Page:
• Dylan

          Yes, I see the dilemma, and I think you are right to point out the deficiency here. But I still think the author is on to something. I have never been satisfied with the usual explanation that it is “objectification” that is intrinsically wrong: objectification is a necessary epistemic medium, and to subjectively know someone is in the end impossible. Even to say “reductive objectification” is to return the locus of the problem to the subject, which leads us to intention, I believe. But how to find intention in the thing? I think the problem is imagining that in judging a work and discerning its intent we actually discover the author’s intention; rather, I think we discover the work’s intent. It’s rather like what is present of a father in his child: the child has the father’s genes, but the genes are nevertheless properly the child’s.

      • Jonathan Quist

        Ya it is a difficult issue but I think we are finding ourselves on a slippery slope indeed. I would be the last to identify myself as being over-scrupulous about explicit sexuality in the movies and I was a big fan of Requiem and found the scene aforementioned appropriate, however, I recently saw (or rather started watching) a film that really challenged the whole pornography/art distinction for me.

        The movie is called “In the Realm of the Senses” and it is a critically acclaimed and gorgeously shot film by Japanese auteur Nagisa Oshima but the majority of the content of the film is graphic unsimulated sex. The film’s intention is clearly not to arose desire in the viewer. The camera work gives as much attention to the whole subject of the characters as to their genitals and the sexuality really does contribute to the character development. In all I would say the movie does actually offer a mature, bold, and honest examination of human sexuality but I could not watch it in good conscience and had to turn it off after the first 10 minutes.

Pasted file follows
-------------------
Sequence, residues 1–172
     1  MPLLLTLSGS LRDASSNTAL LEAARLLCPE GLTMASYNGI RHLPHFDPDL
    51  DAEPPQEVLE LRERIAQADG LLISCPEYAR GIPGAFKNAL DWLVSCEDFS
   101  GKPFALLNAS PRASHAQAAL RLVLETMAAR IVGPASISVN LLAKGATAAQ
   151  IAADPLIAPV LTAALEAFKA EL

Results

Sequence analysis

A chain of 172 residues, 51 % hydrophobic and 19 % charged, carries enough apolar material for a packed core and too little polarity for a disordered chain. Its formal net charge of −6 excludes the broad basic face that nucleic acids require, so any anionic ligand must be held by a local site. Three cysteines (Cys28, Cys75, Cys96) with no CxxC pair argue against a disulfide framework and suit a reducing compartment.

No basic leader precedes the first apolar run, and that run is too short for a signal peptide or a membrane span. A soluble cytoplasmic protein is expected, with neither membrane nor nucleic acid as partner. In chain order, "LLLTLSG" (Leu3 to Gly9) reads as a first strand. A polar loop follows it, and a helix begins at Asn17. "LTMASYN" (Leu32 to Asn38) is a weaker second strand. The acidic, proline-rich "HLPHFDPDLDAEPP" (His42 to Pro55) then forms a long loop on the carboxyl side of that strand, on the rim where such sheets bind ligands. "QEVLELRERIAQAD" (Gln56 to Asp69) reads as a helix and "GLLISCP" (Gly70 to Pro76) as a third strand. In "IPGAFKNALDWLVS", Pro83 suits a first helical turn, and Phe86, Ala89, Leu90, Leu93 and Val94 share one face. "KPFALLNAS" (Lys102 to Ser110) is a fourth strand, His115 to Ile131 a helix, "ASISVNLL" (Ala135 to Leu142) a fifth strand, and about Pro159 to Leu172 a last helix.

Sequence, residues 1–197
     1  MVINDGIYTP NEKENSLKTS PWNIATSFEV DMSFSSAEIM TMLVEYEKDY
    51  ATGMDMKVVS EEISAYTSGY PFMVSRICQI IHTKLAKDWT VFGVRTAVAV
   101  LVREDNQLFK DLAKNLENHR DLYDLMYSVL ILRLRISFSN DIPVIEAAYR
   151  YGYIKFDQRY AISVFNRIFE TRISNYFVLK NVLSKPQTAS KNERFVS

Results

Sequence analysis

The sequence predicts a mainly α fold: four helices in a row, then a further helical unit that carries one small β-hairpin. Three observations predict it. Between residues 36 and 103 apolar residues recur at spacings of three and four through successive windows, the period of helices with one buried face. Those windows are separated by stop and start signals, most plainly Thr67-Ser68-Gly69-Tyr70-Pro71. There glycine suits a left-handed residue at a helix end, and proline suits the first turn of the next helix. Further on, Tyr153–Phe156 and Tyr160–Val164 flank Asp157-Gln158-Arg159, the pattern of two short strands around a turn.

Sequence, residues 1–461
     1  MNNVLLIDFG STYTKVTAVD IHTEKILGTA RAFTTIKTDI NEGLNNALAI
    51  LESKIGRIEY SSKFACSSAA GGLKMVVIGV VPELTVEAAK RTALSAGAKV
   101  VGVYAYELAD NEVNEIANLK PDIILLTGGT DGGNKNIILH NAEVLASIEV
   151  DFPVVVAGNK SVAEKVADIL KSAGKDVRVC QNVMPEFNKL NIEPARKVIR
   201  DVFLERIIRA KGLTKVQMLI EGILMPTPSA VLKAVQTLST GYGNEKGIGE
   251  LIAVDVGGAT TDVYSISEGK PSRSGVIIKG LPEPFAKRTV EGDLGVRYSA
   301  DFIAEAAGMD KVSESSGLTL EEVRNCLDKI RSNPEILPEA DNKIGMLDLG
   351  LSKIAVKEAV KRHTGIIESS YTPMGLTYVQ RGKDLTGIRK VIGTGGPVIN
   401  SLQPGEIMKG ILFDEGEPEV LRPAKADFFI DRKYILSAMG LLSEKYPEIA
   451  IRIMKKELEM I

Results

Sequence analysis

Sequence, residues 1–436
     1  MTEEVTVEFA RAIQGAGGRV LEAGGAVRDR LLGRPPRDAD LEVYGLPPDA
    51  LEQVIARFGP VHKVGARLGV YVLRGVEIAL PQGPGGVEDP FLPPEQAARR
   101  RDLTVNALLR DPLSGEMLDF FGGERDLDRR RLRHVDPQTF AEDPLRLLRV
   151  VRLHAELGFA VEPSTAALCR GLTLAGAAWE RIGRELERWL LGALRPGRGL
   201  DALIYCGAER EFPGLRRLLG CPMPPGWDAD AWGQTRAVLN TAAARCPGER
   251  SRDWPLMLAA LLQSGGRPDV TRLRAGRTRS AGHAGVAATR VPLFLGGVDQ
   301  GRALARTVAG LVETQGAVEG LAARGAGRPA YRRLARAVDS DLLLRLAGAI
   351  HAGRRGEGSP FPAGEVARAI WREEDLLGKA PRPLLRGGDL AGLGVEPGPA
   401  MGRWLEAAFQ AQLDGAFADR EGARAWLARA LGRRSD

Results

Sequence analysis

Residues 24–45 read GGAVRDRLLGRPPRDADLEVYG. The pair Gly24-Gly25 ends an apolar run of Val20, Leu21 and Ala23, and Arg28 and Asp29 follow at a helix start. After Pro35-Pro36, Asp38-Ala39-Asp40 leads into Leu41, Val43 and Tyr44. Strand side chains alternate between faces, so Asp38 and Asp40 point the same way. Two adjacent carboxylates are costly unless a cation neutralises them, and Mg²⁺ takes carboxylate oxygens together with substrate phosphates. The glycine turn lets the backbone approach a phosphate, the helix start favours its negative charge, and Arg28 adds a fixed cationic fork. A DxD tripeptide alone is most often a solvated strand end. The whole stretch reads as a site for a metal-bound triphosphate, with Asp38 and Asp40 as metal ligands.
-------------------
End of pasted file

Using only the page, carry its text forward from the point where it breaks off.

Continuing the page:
But, according to the logic of this article, such a film could be morally acceptable. I honestly don’t know what to think.

  • NDaniels

    That which sexually objectifies the human person, including the reordering of man according to sexual desire/orientation, is pornography. The nature and the purpose of pornography is the sexual objectification of the human person.

    Ethikapolitika is Blessed to have Michael Bradley as a member of your staff!

  • Ivana

    Only humans can make from human body nature something bad, as pornographic contents. WE ARE ALL MADE AS GOD’S FIGURE, like HIS image. Unfortinately we can create from it something bad. But there are many examples that celebrate nature of human bodies as Discobolus from Miron and etc. So, from us depends what purpose we will gave to naked human body.

  • Angela Sturm

    I believe the answer came from the 2015 Edith Stein Conference in that a pose for an art class or artist is focusing on the whole body…and porno focuses on body parts.

  • John Felix Koziol

    I look at it in this way. If someone looks at something, regardless of what it is, with the intent to get “turned on” then that which is being looked at is pornography. There are sexual intercourse videos created for the sole purpose to educate about the topic. To me, in and of itself, based on this, the video isn’t pornographic. However, if, all of a sudden, you find yourself getting “turned on” by such a video the. It becomes pornographic to that individual. Also, if the person knows that a video based on such content with the visual images to go along with it will turn the person on and that person still pursues the watching of it then that video is deemed pornographic even before it is viewed by the individual because the person knows that this type of video will have this type of effect on him or her and then it is automatically pornographic to that person even though the person hasn’t watched any of that kind of video. My parents went to see the movie, “Deep Throat” when it came out to cinemas back in 1972. Their sole intent to the seeing of the movie was to see what the big deal of it was. They went to see the movie handling the subject matter in a way that made the movie non-pornographic for them because they knew it wouldn’t bother them by getting them sexually aroused and throughout the viewing of the movie never got sexually aroused. As I found out, they thought that which was drawing the masses to see the movie was so overblown that to them it was not the big deal that they had heard it to be. As a movie, content aside, they thought it was poorly made to the point it was not worth viewing because of the poor acting and poor storyline. For some, a shapely woman wearing a bikini at the beach could be pornography to a man as a muscular guy in a “Speedo” could be to a woman. At all times a person needs to be in control of his or her sexual arousal, especially so it doesn’t have it take control over them in a way that he or she will regret, in particular when it comes to sexually related crimes like rape or anything involving children. This is my two-cents worth on this topic.

    • tim schneickert

      Sounds like you have a lot of experience in this area. Is that how you made it through the cold lonely 38 yrs . before you got married?